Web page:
The Indian Space Research Organisation has not been able to contact Chandrayaan 2 lander Vikram, ISRO Chief K Sivan said today as the deadline to contact the lander, which had a 14-day mission life, ends. The premier space agency made a historic attempt to soft land on the lunar surface on September 7.
"Chandrayaan 2 orbiter is doing very well. There are eight instruments in the orbiter and each instrument is doing exactly what it meant to do. But we have not been able to establish communication with the lander yet," ISRO Chief K Sivan told news agency ANI.
"We have to understand what happened to the that lander... that is our first priority," Mr Sivan said, and added that Gaganyaan will be the space agency's next priority.
Earlier today, lunar night began to fall in the south polar region of the moon where the lander was attempting a descent on September 7 and lost contact with the ground station. This would make it impossible for the lander to get any sunlight and generate power for its functioning, ISRO had said earlier. During the lunar night, temperatures could drop to as low as minus 200 degrees Celsius, which could freeze the lander's instruments.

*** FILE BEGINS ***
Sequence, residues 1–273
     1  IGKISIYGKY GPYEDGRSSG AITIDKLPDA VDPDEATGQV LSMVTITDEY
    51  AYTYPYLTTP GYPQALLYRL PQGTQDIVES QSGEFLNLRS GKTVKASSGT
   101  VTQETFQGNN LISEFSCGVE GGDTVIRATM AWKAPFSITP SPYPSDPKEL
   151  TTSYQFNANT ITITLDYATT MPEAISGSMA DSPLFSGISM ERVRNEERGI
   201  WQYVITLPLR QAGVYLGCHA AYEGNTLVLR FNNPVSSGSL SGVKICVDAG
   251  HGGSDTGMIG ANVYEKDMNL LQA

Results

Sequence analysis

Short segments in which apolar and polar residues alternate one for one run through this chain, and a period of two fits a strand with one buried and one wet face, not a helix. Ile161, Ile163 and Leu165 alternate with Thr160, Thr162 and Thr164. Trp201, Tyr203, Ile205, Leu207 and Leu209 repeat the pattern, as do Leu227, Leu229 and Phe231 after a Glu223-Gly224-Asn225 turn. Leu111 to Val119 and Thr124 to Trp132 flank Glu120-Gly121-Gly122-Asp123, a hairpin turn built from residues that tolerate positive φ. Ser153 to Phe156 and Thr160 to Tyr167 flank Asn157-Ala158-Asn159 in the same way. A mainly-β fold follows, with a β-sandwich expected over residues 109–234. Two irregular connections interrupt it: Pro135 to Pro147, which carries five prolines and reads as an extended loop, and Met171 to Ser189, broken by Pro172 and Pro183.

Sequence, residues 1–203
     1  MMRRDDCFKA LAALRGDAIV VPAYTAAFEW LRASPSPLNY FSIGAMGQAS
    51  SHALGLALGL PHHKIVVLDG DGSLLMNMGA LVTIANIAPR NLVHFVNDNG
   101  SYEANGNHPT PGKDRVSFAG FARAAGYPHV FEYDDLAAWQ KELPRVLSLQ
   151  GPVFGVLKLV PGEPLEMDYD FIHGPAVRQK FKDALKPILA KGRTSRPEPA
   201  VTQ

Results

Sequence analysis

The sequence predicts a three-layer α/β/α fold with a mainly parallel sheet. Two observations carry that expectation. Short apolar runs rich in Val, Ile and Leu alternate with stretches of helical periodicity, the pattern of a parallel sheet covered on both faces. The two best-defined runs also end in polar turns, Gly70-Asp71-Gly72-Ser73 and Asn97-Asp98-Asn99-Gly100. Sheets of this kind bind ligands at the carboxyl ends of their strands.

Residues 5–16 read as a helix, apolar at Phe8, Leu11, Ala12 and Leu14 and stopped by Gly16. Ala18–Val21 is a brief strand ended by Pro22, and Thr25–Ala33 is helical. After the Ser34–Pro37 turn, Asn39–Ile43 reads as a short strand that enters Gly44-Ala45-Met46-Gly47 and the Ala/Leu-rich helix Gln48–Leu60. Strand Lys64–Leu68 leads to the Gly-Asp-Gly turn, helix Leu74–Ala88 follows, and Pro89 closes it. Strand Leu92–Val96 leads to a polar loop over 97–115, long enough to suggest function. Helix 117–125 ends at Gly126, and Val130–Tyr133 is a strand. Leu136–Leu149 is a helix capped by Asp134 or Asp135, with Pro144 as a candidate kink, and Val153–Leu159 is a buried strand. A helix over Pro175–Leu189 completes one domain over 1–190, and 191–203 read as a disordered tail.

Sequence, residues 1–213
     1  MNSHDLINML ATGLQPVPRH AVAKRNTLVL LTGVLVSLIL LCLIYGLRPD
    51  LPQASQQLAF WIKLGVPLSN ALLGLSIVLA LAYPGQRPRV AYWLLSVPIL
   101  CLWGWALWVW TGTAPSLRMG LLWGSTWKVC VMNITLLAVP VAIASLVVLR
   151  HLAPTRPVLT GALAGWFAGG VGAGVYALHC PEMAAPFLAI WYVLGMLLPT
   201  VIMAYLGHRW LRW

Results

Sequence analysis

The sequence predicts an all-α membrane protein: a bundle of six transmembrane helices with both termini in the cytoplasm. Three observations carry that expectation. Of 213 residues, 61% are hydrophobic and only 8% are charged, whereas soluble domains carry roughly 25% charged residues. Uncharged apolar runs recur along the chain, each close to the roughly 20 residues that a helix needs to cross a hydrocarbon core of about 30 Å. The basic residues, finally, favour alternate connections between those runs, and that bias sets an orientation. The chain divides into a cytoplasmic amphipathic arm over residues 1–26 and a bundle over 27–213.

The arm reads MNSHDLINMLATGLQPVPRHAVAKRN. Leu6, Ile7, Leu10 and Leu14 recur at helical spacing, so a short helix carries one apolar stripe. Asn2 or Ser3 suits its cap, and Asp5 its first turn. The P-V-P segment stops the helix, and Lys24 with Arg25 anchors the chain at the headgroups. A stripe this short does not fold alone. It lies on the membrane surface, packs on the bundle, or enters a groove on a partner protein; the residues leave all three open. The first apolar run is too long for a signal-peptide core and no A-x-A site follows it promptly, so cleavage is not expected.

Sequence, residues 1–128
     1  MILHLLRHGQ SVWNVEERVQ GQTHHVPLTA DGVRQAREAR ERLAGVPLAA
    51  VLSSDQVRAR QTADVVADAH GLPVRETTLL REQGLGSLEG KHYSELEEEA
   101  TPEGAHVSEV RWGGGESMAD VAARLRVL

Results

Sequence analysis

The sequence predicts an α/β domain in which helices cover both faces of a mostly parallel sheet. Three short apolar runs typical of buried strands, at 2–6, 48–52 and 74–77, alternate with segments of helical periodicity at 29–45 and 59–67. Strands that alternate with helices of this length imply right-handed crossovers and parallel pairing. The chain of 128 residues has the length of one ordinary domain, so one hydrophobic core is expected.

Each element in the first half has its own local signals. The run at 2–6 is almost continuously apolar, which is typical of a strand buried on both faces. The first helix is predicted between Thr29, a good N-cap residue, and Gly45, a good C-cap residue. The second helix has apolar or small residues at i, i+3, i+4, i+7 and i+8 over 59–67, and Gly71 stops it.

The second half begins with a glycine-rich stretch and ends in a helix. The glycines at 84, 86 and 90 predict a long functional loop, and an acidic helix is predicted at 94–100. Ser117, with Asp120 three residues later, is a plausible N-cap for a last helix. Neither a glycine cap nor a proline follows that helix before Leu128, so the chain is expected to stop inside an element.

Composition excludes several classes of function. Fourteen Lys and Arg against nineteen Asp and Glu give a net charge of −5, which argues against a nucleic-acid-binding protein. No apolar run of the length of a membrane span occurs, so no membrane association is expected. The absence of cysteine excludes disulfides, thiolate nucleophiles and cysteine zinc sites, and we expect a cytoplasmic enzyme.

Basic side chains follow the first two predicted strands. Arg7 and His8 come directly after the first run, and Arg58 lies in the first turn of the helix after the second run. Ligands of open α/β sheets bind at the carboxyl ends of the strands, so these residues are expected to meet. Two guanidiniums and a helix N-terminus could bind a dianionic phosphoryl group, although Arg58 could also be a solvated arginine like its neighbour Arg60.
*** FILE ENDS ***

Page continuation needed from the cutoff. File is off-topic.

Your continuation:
On Thursday, the premier space agency said a national-level committee of academics and ISRO experts experts are "analysing the cause of communication loss" with the lander. ""#Chandrayaan2 Orbiter continues to perform scheduled science experiments to complete satisfaction. Meanwhile, the National committee of academicians and ISRO experts is analysing the cause of communication loss with #VikramLander," the ISRO tweeted.
#Chandrayaan2 Orbiter continues to perform scheduled science experiments to complete satisfaction. More details on https://t.co/Tr9Gx4RUHQ— ISRO (@isro) September 19, 2019
Meanwhile, the National committee of academicians and ISRO experts is analysing the cause of communication loss with #VikramLander
Chandrayaan 2 captured images of the lunar region where lander Vikram made an unsuccessful attempt to soft-land, NASA confirmed on Thursday. The images were captured by NASA's Lunar Reconnaissance Orbiter (LRO) spacecraft during its flyby on September 17, the US space agency said.
India had expected to make space history with the Rs. 1,000-crore Chandrayaan 2 mission.
A successful soft landing on the moon's surface would have made the country only the fourth - after the United States, Russia and China - to achieve the feat. It would also have made India the first country to complete a soft landing near the South Pole on its first attempt.